Dr. Kabanov finds beauty in extremely small things

by Elizabeth Kumru, UNMC public relations | April 06, 2010

There was a time when Alexander "Sasha" Kabanov, Ph.D., D.Sc., thought he would be a poet. When he was 8 he wanted to work in the Bolshoi Theatre.

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Alexander "Sasha" Kabanov, Ph.D., D.Sc.
Although he loved the arts, he discovered the world of polymers had its own rhythm and beauty.

Today, in recognition of his accomplishments in nanomedicine, Dr. Kabanov will be named the 2009 Scientist Laureate, UNMC's highest research honor. He, along with 22 UNMC investigators as distinguished scientists and new investigators, will be recognized in a 4 p.m. ceremony in the Durham Research Center Auditorium.

Sponsored by the chancellor, the Distinguished Scientist award recognizes UNMC researchers who have been among the most productive scientists in the country during the past five years.

Dr. Kabanov at a glance

  • Received the U.S. National Science Foundation (NSF) Career Award in 1995 and the NSF Special Creativity Award in 2002;
  • Holds grants from the Department of Defense, industry and National Institutes of Health, including a $10.6 million COBRE grant;
  • Published more than 200 scientific papers, edited five books and journals
  • Work has been cited more than 7,500 times; and
  • Inventor or co-inventor on 26 US patents and more than 100 patents worldwide.

Since he entered the field more than 25 years ago, Dr. Kabanov has discovered two of the founding principles in nanomedicine -- polymer-based gene delivery and polymeric micelles that can introduce genes and drugs that kill cancer cells.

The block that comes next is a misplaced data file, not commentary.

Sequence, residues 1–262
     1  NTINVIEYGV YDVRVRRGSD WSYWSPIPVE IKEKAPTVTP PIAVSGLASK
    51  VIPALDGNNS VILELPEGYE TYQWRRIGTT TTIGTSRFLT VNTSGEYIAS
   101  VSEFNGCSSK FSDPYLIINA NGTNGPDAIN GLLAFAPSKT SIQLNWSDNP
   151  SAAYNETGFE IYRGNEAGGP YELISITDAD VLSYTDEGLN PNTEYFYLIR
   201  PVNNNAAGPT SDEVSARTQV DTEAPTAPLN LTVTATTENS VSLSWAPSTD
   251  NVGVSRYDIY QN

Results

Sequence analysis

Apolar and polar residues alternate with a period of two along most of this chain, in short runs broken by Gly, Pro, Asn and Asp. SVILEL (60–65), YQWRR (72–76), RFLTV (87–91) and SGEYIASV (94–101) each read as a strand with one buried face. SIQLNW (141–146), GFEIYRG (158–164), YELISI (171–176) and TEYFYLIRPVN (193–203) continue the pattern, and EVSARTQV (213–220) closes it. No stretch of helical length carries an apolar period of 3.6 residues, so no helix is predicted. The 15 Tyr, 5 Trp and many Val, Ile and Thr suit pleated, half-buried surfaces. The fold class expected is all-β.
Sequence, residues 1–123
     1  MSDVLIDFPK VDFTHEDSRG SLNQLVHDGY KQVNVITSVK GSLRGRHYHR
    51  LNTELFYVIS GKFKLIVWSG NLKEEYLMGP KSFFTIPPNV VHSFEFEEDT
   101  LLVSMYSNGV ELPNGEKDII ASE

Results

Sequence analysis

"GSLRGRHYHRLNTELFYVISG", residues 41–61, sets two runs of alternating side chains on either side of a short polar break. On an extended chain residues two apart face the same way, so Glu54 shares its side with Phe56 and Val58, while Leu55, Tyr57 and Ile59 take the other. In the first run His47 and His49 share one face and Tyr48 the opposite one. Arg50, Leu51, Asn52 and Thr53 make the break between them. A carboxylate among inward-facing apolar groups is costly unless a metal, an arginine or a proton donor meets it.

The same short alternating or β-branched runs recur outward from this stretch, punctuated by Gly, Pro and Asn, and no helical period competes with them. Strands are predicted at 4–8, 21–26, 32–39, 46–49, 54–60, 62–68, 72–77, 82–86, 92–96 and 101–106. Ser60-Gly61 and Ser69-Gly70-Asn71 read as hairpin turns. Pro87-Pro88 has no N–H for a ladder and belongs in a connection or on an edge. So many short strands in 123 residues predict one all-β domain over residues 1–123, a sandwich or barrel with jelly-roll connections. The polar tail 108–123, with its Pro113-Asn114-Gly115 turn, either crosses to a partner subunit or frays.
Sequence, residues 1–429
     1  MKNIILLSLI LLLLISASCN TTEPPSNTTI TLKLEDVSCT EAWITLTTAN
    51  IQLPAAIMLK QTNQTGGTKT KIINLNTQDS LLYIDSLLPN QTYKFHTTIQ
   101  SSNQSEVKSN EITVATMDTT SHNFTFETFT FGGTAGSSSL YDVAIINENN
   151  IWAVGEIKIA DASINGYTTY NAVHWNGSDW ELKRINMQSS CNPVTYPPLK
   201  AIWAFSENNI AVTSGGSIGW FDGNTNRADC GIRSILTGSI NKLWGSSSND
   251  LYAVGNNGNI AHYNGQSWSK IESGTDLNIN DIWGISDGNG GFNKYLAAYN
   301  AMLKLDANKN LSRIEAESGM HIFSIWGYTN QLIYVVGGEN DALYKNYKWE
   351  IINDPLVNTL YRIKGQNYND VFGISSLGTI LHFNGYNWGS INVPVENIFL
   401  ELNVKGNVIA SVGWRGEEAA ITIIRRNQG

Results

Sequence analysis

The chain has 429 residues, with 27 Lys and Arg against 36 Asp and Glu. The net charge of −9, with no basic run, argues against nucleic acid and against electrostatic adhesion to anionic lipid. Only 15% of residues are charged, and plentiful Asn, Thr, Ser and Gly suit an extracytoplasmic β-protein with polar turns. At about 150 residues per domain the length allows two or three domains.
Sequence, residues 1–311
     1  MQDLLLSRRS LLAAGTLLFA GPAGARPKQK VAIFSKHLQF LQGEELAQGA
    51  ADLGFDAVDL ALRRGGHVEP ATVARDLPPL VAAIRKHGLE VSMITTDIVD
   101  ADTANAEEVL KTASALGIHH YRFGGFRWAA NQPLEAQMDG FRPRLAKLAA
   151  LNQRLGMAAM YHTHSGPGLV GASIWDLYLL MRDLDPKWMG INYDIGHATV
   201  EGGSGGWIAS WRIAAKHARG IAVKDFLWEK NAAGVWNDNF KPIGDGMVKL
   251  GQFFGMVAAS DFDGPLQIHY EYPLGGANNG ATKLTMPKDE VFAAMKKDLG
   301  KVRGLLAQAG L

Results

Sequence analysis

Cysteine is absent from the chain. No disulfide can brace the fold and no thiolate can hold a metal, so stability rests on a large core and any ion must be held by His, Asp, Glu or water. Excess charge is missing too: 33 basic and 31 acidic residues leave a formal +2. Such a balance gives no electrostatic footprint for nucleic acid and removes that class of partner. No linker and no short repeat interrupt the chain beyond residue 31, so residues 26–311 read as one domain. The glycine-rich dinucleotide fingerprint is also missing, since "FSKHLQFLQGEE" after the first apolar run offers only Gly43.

Dr. Kabanov is known internationally for his breakthroughs in nanomedicine, said UNMC Chancellor Harold M. Maurer, M.D. "Sasha is one of UNMC's premiere scientists. I saw first-hand how highly respected he is on our trip to Moscow."

Dr. Kabanov's work is in novel drug delivery systems that cross the blood brain barrier to treat cancer and neurodegenerative diseases and use polymer-based nanotechnologies to carry drugs and DNA to targeted sites.

His work with amphiphilic block copolymers, which protect drugs in the bloodstream until delivered to the target cell, to overcome multidrug resistance in cancer led to human clinical trials that are effective against resistant tumors.

"Dr. Kabanov is a uniquely innovative scientist who operates well in both the basic and translational realms," said Tom Rosenquist, Ph.D., vice chancellor for research. "His creativity is exceeded only by his energy. He is an ideal model for a 21st-century scientist."